20. Yes, I see your point but it's not quite as simple as the airline just cancelled the one flight that a particular person was booked on and refuses to refund. Think of a very simple example; a person buys a non-refundable ticket and then the event is cancelled (wedding postponed, resort flooded, whatever) a week before the flight. Should they be entitled to a refund? I think you'd agree that they should not be entitled to a refund. They'd like a refund. They'd hope for a refund but the fact that the reason for the trip or desire to go has evaporated is not due to some airline-initiated action. This pandemic is in many ways just a scaled up version of the above example. There are, of course millions of different scenarios and permutations but in April there were still flights going almost everywhere but they were empty - people weren't showing up for the flights because they knew when they got to their destination they'd be quarantined or the planned event was cancelled. I'm sympathetic but the reason why a passenger doesn't want to take the flight or what inconvenience they might face on arrival is not the responsibility of the airline. Now it gets complicated; the Canada/USA border is closed and somebody has a ticket to Florida and the flight is cancelled. Is this a case of "the airline has failed in their contractual obligations and should refund the money?" In this case I'd argue that neither the passenger nor the airline has failed to hold up their end of the contract. The passenger doesn't want to go anyway because they don't want to be quarantined on arrival in their hotel and the airline is forbidden by law from conducting the flight. If the passenger sleeps in and misses their flight - their fault so no refund. If the airline cancels the flight due to some controllable circumstance - the passenger gets a refund or re-booked. A closed international border? You can hardly say that the airline failed in their obligation. Nowhere in the tariff does it say that selling a ticket imposes an obligation to take the passenger to their destination - no matter what external event happens and a refund is due if it doesn't happen. The regulations discuss airline-controllable delays/cancellations. How can you place an obligation on a company for something they have no control over? As an aside I see the same thinking around weather delays; passengers expect meal, hotel and taxi vouchers. They have an expectation that from the time they arrive at the departure airport until they arrive at destination that it's airline's responsibility to keep them fed, watered and sheltered in every case other than a perfectly on-time trip even in cases where the airline has no control. What started as a good-will gesture has become an expectation and is demanded. I look at a non-refundable ticket this way; the passenger is essentially saying that "I am so confident that I will be able to take this exact flight on this exact day that I'm willing to accept the risk associated with events external to the airline affecting my desire to travel in exchange for a cheaper ticket." Buying a non-refundable ticket is a wager; you "win" a cheaper fare in exchange for accepting risk of external events. The passenger almost always wins, in fact, the chance of losing is so remote that people don't even consider it. They click through the disclaimer about "non-refundable" and "$200 change fees" as fast as they can without reading them. They are however, pretty quick to grab the cash for a delayed flight that's one minute over the legislated maximum. Technically, I would estimate that a significant majority of the advance ticket holders should get nothing at all. They pre-paid for a non-refundable ticket and many are "choosing" not to travel. AC is still doing flights to Sao Paulo. Would you board a flight a flight to Sao Paulo? Not me, but the flight is still going and what about the people who bought non-refundable tickets? Refund them because now is not a good time to go to Sao Paulo? Well, the airline knew no more about what the situation would be like for the planned travel than the passenger did when they bought the ticket. Airlines have decided that they will meet the passengers in the middle - offering travel vouchers even though in many, not all but many, cases they could have simply given nothing at all. Clearly the optics of that would be "not good" and hence the vouchers. One more thought on the topic of insurance and non-refundable tickets. Some wise person explained to me that you should never buy insurance for something that would not cause a significant financial burden if it was lost. You don't buy insurance on a toaster, you do buy insurance for your house. Over time the savings from not buying trivial insurance offsets the rare times you do experience a loss - this is how insurance companies manage to exist. The same holds true for non-refundable tickets. A lifetime of buying non-refundable tickets and experiencing the rare loss would be cheaper than always buying the refundable ticket. Of course in each circumstance you must redo to mental calculation of what is the financial exposure and what is the chance of losing the reason to go. You're buying a $200 domestic flight to visit family and your schedule is completely free of other obligations - probably don't need the refundable ticket. If you're buying a $10,000 ticket and have doubt about the schedule - probably a good idea to buy a refundable ticket.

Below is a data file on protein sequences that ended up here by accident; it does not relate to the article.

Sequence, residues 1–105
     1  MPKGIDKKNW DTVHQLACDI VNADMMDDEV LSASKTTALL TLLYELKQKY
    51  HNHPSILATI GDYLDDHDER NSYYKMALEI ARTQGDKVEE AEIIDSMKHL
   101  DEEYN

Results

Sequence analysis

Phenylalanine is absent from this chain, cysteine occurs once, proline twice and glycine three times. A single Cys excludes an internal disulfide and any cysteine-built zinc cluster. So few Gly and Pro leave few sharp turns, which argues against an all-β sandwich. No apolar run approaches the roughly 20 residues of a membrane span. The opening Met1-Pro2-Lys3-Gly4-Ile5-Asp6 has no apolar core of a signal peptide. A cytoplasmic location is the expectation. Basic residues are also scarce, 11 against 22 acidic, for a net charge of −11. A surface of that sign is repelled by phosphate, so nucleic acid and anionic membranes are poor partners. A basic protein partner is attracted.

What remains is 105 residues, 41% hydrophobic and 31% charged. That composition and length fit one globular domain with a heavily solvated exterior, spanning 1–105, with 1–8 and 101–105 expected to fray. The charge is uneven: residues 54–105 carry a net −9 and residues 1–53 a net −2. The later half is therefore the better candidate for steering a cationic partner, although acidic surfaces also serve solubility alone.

21. Well, they could have bought fully-refundable tickets but decided to roll the dice and buy the cheaper option. Biggest question - do you think any of them will actually learn anything from this?
  22. Yes, it's simply a case of; hope for the best but plan for the worst. Do "they" know? Of course not but they still need to have a plan forward and if they plan for 3 years but it happens quicker, well, probably easier to move things up rather than the opposite.
  23. I think you'd be happy with the report, although it was written in 2013 so, before the actual deal was completed. The statement “the worst procurement deal in Canadian history.” was made by Peter MacKay when he was Minister of National Defence in 2012.